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St. Louis Holocaust Museum & Learning Center - St. Louis, Missouri
Posted by: Groundspeak Charter Member BruceS
N 38° 41.096 W 090° 24.445
15S E 725505 N 4285003
Quick Description: The Holocaust Museum & Learning Center is a very moving and well documented museum in suburban St. Louis.
Location: Missouri, United States
Date Posted: 8/26/2008 8:29:47 AM
Waymark Code: WM4HGC
Published By: Groundspeak Regular Member "Paws"itraction
Views: 90

Long Description:

"The St. Louis Holocaust Museum and Learning Center, one of only a few such facilities in the Midwest, preserves the story of the Holocaust and its impact on the lives of St. Louis Jews. It focuses on the Holocaust through the eyes of survivors-many of whom lived in the Lodz Ghetto of Poland and later came to St. Louis. The purpose of the center is not only to remember the Holocaust and examine its lessons but also to provide a learning center which teaches how to use the lessons of the Holocaust to fight against hate, intolerance and racism. The center also includes a curriculum resource library and oral history archives. The Museum, a department of the Jewish Federation of St. Louis, is located on the grounds of the Jewish Community Center.

SPECIAL NOTE ON AGE: Since some of the exhibits include graphic and disturbing photographs, it is suggested that school groups be in at least sixth grade if they plan to visit. Parents are advised that the museum is not recommended for young children.

HIGHLIGHTS:

  • The Museum's nine rooms focus on pre-Holocaust life, the Holocaust itself and the post-Holocaust period.
  • Cases of pre-World War II artifacts and photographs of folkloric and cultural interest detail Jewish life in Europe before the Holocaust.
  • A timeline highlights 1,000 years of Jewish history in Europe before World War II and a map shows world Jewish population centers in 1933. An audio presentation features St. Louisans speaking about their lives in Europe prior to World War II.
  • Exhibits, including photographs and artifacts of the period illustrate the rise of Nazism in Germany from 1933 to 1939. A timeline charts the progressive development of anti-Jewish legislation over a six-year period. Other displays focus on Nazi propaganda and racism, anti-Jewish legislation, the persecution of non-Jewish groups deemed "inferior," the difficulties of Jewish emigration, Kristallnacht and anti-Semitism in the U. S.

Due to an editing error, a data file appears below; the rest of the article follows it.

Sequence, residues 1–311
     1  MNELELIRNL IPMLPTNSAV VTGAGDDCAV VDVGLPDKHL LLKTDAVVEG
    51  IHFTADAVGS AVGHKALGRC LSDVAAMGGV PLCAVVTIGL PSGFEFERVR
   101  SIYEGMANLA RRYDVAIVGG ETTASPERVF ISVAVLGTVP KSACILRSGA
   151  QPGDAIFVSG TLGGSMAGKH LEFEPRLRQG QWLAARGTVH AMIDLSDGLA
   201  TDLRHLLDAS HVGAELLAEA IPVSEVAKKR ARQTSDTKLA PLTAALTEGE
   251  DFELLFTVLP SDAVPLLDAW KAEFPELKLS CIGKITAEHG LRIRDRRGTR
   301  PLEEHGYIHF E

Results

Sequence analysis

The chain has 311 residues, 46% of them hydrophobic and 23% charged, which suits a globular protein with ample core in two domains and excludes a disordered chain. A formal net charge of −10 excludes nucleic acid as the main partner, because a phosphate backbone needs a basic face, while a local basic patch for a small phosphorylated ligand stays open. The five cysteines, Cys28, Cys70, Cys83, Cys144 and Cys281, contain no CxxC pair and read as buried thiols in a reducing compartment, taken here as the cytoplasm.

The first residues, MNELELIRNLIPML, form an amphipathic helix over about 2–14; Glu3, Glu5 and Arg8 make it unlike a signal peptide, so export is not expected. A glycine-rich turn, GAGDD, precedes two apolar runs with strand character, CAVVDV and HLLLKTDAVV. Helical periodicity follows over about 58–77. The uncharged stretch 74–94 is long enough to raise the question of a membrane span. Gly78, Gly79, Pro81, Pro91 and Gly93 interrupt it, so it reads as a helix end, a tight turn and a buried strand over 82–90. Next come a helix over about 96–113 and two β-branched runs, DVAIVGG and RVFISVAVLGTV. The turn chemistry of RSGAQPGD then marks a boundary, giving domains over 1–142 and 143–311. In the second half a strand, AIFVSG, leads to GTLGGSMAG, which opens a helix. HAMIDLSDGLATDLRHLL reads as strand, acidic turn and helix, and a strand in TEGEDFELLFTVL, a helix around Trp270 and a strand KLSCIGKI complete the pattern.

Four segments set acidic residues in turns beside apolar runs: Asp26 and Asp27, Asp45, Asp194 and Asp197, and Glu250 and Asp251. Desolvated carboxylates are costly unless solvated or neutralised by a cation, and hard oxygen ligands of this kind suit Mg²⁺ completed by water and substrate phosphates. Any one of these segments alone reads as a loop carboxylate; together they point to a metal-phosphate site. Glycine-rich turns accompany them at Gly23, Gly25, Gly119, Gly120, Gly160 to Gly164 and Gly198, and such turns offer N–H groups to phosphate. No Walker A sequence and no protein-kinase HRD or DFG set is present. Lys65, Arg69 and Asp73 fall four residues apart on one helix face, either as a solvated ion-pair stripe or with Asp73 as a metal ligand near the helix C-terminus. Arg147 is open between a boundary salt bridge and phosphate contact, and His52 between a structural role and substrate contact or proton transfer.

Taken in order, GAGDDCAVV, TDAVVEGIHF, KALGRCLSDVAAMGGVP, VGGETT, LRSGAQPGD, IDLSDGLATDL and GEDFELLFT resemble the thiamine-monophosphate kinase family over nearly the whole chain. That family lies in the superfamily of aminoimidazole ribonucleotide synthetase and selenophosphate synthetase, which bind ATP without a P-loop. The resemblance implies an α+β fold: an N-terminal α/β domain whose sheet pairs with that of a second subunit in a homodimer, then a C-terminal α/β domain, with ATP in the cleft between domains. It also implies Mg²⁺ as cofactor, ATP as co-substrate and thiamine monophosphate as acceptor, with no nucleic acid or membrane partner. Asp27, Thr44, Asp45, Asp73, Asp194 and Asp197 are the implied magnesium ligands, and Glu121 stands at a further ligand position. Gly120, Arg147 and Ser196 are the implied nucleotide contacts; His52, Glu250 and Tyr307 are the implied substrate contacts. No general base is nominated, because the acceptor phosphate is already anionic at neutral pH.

• An exhibit on Jewish life in the ghettos of Europe after World War I contains rare film footage of ghetto life at the time.
  • Audio and visual presentations illustrate censorship, the burning of books, racism in Nazi schools and the 1933 fact-finding mission to Germany of Rabbi Ferdinand Isserman of St. Louis' Temple Israel.
  • The events of the years 1939-41 are depicted by photographs and artifacts on ghettos, slave labor camps, Jewish resistance and Nazi medical experiments. A three-dimensional floor model of the Lodz ghetto gives visitors a view of the daily lives of Polish Jews during that time period.
  • Holocaust survivors in audio presentations tell of their experiences in the Lodz ghetto and in slave labor camps.
  • Deportation, selection, death marches and the "Final Solution" are portrayed in the exhibit area documenting the years 1941-45. Holocaust survivors describe death marches in an audio presentation.
  • Another display area features artifacts and photographs on the rescue and protection of concentration camp survivors, the Nuremberg Trials, liberation and 1942 newspaper reports on the Holocaust as well as an audio presentation by survivors on the liberation.
  • The liberation of concentration camps at the end of World War II is also depicted.
  • On display are 140 pieces of memorabilia from local Holocaust survivors.
  • More than 250 photographs taken before and after the Holocaust are also displayed.
  • A final area documents life in the displaced persons camps, the birth of Israel and the emigration of Holocaust survivors to St. Louis.
  • An audio presentation by survivors and other eyewitnesses focuses on the displaced persons camps and the Nuremberg Trials.

" - Explore St. Louis website

Hours:
Monday - Thursday 9:30 a.m. - 4:30 p.m.
Friday 9:30 a.m. - 3:00 p.m.
Saturday Closed
Sunday 10:00 a.m. - 4:00 p.m.

Physical Address:
12 Millstone Campus Drive
on the Jewish Community Center campus
St. Louis, Missouri United States
63146


Date Dedicated: 05/01/1995

Supporting Website: [Web Link]

Fee/Donation: Free

Memorial Type: Museum

Visit Instructions:
A picture of you is required at the site. A full description of your thoughts and experience on the site.
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